The Importance of Informed Citizens


Jack Malcolm, Freelance Writer

This article is the first in a multi-part series on the role of truth in U.S politics.

Lin Manuel Miranda, the writer and lead of Hamilton, described Aaron Burr as being “a tremendous fan of the arena.” The “arena” that Miranda refers to is the world of United States politics. In recent months my own fandom of this coliseum, which holds such a robust grip over American lives, has grown exponentially.

For as long as I can remember, I have routinely watched ESPN, intent on learning about likely results of the weekend football games and how a defensive scheme might handle their opponent’s offensive weapons. I now spend a large portion of my free-time watching pundits debate topical issues that affect the nation’s international and domestic policy. I haven’t lost any passion for football, rather it has translated to my interest in politics.

The dawning of my fascination in political science was met with a key obstruction. I couldn’t use the same tactics to become versed in politics as I could with football. My football predictions are easy to make. I often look at the statistics regarding the offenses and defenses as well as the individual match-ups to determine which team has the upper-hand. I quickly realized that facts containing the whole truth of a subject are much more difficult to come by in the realm of U.S. politics than those concerning football.

Facts, evidence, and statistics allow the U.S. to function. The U.S. is a democratic nation that puts power in the hands of its citizens. Both elected officials and candidates for office must be held accountable by citizens to ensure that the government has the people’s best interests in mind. To do this, citizens need to know what actions political figures are trying to take and have already taken. Citizens within a democratic form of government have a duty to stay informed and this is only possible if citizens know the facts surrounding the issues with which the government is faced.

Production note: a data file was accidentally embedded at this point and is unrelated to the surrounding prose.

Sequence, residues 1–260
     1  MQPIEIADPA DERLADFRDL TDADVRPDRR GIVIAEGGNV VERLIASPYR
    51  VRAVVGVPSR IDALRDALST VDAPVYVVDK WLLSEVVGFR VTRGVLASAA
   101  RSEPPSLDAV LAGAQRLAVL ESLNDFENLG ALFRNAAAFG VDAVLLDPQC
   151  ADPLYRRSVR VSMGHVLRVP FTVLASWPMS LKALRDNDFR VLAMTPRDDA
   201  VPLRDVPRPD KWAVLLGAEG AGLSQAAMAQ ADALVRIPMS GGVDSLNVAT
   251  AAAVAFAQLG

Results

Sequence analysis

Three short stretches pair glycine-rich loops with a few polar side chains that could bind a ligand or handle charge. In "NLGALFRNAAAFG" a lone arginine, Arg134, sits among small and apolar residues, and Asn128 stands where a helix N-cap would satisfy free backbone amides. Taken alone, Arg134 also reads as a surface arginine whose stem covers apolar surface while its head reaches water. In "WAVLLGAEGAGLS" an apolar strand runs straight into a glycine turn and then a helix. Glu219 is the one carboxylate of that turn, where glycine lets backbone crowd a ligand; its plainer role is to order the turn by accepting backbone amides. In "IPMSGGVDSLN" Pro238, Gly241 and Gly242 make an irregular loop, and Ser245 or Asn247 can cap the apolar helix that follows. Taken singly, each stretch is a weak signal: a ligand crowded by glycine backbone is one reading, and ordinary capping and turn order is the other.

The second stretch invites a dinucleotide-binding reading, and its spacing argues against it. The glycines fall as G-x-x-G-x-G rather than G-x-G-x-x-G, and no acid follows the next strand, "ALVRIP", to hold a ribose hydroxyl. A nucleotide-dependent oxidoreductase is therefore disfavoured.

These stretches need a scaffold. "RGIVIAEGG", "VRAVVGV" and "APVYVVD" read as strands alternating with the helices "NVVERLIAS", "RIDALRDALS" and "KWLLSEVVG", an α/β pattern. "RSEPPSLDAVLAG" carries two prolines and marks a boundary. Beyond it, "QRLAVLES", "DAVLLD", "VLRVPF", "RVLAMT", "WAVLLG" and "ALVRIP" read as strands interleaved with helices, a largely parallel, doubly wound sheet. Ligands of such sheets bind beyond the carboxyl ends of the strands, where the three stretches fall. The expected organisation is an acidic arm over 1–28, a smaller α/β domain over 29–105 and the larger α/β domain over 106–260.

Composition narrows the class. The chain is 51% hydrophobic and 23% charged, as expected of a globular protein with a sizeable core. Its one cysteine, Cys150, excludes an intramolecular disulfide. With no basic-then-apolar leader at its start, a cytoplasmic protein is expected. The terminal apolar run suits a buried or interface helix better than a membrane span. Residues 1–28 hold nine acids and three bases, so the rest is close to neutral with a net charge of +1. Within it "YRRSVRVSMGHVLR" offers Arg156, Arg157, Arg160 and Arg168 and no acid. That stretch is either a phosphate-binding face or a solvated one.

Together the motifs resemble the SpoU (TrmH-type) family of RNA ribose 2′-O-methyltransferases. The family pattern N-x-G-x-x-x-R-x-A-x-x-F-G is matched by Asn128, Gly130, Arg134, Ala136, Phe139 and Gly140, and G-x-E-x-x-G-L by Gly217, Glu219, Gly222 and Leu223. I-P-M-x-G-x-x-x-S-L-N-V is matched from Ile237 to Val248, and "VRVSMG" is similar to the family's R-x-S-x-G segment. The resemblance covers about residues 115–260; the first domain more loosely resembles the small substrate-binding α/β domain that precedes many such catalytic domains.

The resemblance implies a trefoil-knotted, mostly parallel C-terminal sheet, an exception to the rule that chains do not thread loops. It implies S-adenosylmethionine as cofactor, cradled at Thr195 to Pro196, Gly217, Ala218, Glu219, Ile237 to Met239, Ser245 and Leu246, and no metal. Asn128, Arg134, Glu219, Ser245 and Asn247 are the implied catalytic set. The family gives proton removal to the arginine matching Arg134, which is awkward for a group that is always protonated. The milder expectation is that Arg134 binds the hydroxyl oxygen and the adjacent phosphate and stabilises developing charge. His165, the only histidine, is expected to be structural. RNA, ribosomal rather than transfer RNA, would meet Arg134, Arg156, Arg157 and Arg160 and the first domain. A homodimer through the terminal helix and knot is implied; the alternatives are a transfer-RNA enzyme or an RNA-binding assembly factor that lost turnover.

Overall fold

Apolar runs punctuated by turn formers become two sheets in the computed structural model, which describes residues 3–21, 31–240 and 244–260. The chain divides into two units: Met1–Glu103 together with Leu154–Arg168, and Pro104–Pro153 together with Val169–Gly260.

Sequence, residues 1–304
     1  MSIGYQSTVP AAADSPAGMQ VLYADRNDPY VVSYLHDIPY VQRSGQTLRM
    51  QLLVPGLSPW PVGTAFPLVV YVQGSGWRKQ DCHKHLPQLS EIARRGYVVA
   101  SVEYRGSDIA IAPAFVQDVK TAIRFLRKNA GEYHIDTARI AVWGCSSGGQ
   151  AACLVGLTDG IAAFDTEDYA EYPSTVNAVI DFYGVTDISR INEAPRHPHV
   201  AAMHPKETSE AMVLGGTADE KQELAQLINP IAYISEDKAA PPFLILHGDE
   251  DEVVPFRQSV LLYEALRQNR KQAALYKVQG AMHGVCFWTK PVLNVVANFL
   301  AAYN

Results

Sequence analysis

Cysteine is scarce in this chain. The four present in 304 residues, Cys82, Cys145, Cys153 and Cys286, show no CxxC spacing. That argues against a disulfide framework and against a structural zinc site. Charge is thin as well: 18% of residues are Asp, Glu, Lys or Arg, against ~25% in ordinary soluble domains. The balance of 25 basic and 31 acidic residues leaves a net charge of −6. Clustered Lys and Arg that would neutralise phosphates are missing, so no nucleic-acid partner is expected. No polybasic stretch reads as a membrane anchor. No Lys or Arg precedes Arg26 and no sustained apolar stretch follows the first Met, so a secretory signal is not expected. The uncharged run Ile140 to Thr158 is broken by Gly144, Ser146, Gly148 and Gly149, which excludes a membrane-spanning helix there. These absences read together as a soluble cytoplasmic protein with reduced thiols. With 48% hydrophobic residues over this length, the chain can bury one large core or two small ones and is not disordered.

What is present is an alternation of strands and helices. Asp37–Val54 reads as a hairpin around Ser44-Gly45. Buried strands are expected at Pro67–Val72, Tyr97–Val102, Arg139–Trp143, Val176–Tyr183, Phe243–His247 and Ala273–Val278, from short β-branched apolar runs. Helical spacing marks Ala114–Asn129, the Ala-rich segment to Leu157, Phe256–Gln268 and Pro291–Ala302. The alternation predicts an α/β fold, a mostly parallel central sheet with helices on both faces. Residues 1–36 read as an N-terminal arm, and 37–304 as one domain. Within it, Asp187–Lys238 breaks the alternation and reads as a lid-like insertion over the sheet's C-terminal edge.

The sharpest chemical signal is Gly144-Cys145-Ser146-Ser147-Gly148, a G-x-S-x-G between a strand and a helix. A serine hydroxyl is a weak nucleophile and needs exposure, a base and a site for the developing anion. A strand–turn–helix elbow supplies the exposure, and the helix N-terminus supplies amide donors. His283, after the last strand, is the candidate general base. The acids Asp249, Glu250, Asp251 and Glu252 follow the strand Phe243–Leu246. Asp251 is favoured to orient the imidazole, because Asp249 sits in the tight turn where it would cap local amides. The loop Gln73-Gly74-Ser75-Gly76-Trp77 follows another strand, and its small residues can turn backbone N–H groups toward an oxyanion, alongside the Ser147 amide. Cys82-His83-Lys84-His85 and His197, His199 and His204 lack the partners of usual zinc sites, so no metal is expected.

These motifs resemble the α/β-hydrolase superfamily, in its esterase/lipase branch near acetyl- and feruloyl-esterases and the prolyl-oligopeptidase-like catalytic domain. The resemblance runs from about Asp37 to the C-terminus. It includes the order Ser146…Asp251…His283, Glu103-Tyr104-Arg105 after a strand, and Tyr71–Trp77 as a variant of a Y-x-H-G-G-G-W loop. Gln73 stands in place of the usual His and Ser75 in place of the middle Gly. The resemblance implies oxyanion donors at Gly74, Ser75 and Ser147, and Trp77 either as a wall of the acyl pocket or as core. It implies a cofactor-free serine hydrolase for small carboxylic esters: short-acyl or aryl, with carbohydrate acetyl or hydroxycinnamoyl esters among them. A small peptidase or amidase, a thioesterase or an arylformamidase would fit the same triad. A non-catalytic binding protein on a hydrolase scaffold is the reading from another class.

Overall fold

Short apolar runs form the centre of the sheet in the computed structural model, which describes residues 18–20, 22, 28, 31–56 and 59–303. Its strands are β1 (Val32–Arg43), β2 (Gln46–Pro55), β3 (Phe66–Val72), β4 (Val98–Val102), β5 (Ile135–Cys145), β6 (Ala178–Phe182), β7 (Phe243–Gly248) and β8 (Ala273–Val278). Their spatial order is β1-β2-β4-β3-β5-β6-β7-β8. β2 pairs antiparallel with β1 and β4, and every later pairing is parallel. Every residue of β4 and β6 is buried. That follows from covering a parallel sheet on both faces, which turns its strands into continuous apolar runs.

This brings me back to my earlier point. National and international policies are heavily nuanced in order to compromise for the parties affected. Most citizens do not have a degree in political science or law, so comprehension of these policies can be very difficult to achieve. To understand the facts, everyday people need to rely on political figures that do have knowledge on the subjects.

Unfortunately most political figures have an agenda. They need the support of the majority of the population in order to gain power within government and pass legislation that they feel will be beneficial to average people and those that have supported them. Gaining this support is done, in large part, by providing evidence that shows how the people will be benefactors to new legislation and the new officials that come with it. Sadly, the truth is often stretched, omitted, or ignored completely in attempts to persuade voters.

Without the ability to make sense of governmental policy and trust those preaching it, citizens are often left stranded in search of an unbiased source. This situation has given rise to fact-checking organizations that champion the movement of building an informed public.

The next installment of the series will explore the emergence of fact-checking organizations and why they are so critical to the everyday American.

Jack Malcolm is an ODA sophomore. As an opinion writer, his views are his own and do not necessarily represent an official position of the Out-of-Door Academy.